The second strength listed was BPM Server’s integration with imaging and document management tools. In Bloor’s view this is an undersell of the product’s capability in that it can support integration, not only to these ECM facilities out of the box which is what should be expected from a document/ontent centric BPM tool, but it also can interface with enterprise applications, such as ERP, SCM, and CRM and office applications like Microsoft Outlook. There are standard connectors for SAP, Wf-XML and Web Services (SOAP). In addition, custom connectors can be developed using either Java or .NET coding. 3rd party adapters from vendors such as iWay can also be used with the product. This is very definite strength of Open Text but it is much more that just image and documents.

The third strength listed was the support of roles and responsibilities in BPM Server. One of the interesting aspects of BPM Server is the way that it uses roles and responsibilities not only when the business process is defined for the allocation of tasks, but also that it is used by the Design component itself to present various components only to particular user groups. When designing a workflow, roles and responsibilities can be taken into account. So therefore we have another proven strength.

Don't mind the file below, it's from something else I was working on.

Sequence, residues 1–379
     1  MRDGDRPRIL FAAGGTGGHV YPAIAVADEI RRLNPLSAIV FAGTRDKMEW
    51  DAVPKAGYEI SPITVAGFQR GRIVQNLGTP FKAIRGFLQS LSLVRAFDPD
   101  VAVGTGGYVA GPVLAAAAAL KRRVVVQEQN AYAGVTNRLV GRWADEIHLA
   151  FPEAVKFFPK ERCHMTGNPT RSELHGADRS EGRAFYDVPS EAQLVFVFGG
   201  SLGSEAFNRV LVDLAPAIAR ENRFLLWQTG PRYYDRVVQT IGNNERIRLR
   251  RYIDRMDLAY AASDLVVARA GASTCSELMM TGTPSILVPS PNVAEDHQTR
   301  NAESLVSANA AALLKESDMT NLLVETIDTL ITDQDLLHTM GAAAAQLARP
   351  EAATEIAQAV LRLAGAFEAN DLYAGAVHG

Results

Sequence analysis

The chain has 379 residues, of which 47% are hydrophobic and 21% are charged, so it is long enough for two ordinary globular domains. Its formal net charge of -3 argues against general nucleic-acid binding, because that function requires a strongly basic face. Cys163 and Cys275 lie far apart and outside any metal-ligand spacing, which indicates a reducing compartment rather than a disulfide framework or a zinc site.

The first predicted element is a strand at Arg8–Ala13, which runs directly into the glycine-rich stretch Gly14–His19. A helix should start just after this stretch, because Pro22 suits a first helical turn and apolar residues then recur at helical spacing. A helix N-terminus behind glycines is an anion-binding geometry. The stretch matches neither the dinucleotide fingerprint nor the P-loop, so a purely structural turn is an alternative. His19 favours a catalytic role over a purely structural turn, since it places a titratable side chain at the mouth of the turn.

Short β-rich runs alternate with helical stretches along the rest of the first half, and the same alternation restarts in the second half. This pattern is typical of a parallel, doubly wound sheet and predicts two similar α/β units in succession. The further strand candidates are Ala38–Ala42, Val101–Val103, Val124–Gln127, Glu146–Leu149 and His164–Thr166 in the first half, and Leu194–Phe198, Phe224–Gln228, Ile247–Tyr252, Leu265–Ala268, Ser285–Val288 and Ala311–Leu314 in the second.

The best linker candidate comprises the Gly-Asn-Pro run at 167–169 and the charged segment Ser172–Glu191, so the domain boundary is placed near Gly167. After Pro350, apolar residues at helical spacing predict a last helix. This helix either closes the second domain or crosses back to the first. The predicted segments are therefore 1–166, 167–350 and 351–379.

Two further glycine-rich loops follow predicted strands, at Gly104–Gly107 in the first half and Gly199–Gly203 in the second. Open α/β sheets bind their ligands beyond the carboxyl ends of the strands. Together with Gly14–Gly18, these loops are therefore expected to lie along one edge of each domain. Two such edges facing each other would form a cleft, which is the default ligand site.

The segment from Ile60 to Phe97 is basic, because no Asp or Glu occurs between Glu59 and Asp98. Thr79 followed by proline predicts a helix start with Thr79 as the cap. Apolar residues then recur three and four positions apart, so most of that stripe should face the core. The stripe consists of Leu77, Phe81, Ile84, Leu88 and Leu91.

The fourth strength is on the use of open standards and in particular in the areas of APIs. Like many BPM tools Open Text supports WfML and BPMN along with XML, SOAP, SNMP and LDAP. The programming model is based on Java. It will be interesting to see how Open Text responds to other standards such as SIF and other currently evolving standards.

Bloor sees Open Text’s BPM Server as well suited to support of document/content centric processes in organisations.